Today’s electrode lab went fairly well. This is the lab I always panic about, because the students have to move concentrated salt water (up to 1M NaCl) around the lab, and salt water and electronics equipment must not mix! I only had to chide one student once for not using the secondary containment tub, and nothing was spilled.
I had the students do more measurements this year than last, having 4 different concentrations (1M, 0.1M, 0.02M, and 0.005M NaCl) and an unknown (tap water). Last year they only had 3 known concentrations, but had to do both stainless steel and Ag/AgCl electrodes in the same lab. Most of the students finished the lab. One group still has one set of measurements to do on Thursday, and I stayed an hour late with the singleton student—this is a lab that goes much faster if one student records data while the other reads the meters, so I served as meter-reader for him after everyone else had left.
I spent some time at the beginning of class to teach each pair of students how to use a vernier caliper to that they could measure the dimensions of their electrodes. I also had them measure the thickness of the electrodes using my micrometer. I’ll have them do both again (without my instructions) for the silver wire electrodes on Thursday. Ah—I need to bring in some salt so that I can make a strong salt solution for electroplating on the chloride! It does not need to be pure, so I won’t use up the 1M NaCl that we have for them to measure their electrodes with.
I do have to get the students to start lab more efficiently. Once everyone had their setup built, they took measurements fairly quickly, but they came to lab with no schematic of their test circuit and no table set up for recording their measurements. The first hour of lab was wasted by almost everyone doing the pre-lab work that they should have done over the weekend and asked about in class on Monday. I did insist on seeing their schematics before I would let them have any of the salt water. Several had to redo their circuits a few times, because they made no sense (only one wire of the function generator drawn, or a circuit that did not include their current measuring resistor).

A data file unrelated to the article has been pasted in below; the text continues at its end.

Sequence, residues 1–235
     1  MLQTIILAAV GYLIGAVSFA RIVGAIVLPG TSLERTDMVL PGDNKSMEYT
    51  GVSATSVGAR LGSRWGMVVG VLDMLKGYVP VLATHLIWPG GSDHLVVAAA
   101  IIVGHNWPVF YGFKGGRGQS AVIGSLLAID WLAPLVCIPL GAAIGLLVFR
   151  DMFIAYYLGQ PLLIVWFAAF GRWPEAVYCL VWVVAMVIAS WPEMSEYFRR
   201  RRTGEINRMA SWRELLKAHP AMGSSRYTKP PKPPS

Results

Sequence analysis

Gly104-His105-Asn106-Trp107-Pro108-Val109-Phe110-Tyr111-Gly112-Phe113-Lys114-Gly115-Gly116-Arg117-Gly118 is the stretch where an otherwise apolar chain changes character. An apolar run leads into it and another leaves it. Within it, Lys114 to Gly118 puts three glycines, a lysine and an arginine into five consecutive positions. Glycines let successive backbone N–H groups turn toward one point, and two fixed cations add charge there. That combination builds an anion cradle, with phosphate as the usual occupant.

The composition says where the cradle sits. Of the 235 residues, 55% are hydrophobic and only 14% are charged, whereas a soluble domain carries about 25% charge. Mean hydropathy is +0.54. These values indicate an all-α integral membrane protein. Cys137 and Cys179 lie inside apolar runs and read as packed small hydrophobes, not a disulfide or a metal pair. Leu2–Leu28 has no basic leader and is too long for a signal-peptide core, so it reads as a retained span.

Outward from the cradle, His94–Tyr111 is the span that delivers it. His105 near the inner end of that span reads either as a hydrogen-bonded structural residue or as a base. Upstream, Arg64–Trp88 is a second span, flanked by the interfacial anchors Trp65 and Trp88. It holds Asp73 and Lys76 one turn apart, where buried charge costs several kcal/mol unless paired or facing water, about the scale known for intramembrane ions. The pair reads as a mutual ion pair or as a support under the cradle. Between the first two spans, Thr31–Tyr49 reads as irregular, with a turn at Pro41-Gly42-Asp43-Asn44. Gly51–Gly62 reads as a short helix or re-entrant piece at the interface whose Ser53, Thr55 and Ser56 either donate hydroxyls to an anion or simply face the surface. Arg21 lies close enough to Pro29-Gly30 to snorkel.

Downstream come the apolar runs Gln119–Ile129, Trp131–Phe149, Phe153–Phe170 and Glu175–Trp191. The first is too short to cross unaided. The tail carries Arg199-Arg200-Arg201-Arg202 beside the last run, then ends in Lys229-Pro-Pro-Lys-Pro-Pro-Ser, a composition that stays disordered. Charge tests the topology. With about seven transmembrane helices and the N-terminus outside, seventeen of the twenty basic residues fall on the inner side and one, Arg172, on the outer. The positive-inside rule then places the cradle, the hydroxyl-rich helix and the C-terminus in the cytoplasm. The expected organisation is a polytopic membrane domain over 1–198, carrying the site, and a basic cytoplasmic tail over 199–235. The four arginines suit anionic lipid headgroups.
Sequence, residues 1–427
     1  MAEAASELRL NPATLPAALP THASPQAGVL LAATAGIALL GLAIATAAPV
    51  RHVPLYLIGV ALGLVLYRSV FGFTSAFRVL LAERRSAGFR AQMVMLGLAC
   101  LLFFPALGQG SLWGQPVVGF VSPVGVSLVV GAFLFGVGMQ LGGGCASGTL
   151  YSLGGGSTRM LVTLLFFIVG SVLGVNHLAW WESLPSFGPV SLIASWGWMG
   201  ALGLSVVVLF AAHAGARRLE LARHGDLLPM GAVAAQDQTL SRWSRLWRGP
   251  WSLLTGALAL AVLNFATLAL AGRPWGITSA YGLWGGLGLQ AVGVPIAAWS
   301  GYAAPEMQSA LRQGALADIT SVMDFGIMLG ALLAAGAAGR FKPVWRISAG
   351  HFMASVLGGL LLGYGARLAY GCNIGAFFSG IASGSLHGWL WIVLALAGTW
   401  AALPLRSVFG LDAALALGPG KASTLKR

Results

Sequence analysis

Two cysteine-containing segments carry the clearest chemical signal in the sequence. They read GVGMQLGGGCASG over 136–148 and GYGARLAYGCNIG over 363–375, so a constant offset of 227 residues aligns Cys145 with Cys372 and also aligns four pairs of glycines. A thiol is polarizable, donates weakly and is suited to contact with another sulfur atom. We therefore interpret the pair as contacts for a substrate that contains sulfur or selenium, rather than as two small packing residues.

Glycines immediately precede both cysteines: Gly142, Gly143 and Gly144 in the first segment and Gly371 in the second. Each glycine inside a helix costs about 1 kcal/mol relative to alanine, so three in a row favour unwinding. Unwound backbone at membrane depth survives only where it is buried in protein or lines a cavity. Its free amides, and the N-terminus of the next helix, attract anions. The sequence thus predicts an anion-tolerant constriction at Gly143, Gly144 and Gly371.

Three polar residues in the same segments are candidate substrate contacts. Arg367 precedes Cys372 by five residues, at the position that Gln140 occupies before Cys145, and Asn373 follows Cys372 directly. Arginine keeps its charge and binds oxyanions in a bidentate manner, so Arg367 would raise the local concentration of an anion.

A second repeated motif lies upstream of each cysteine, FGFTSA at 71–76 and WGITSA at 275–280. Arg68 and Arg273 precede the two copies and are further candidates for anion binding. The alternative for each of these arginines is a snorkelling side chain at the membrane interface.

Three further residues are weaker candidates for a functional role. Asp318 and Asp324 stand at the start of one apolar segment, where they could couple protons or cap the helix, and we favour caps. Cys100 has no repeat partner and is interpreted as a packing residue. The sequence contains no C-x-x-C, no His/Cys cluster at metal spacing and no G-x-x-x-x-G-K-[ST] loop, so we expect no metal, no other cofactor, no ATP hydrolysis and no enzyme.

Next year, I may have to add more explicit instructions in the pre-lab to make a schematic of their test setup and a table for recording results. Tomorrow I’ll talk to them about preparing for lab so that they can start work immediately, though I don’t know if it will do any good. For next year, I should also add some discussion to the prelab about adjusting the resistor size after making a measurement. Almost all the groups chose to use a 1Ω resistor, which means that the voltage drop across the resistor was generally quite small (1mV to 180mv). It would be better to use a slightly larger resistor (10Ω or 100Ω) to get larger readings. I’ll also have to tell them to set the amplitude on the waveform generator to 10v p-p, so that the signals are large enough, as the default setting when the generator is turned on is only 100mV peak-to-peak. I think everyone got the amplitude up to at least 1v, which may be good enough.
Tomorrow I’ll spend some time helping them write gnuplot scripts to model their impedance data. I’m assuming it will look a lot like the data I collected last year, which means that the conventional model of polarizing electrode will not fit all that well.
I hope that we also have time for some complex impedance and voltage divider problems, so that they have a little more practice before Friday’s quiz (which I still haven’t written).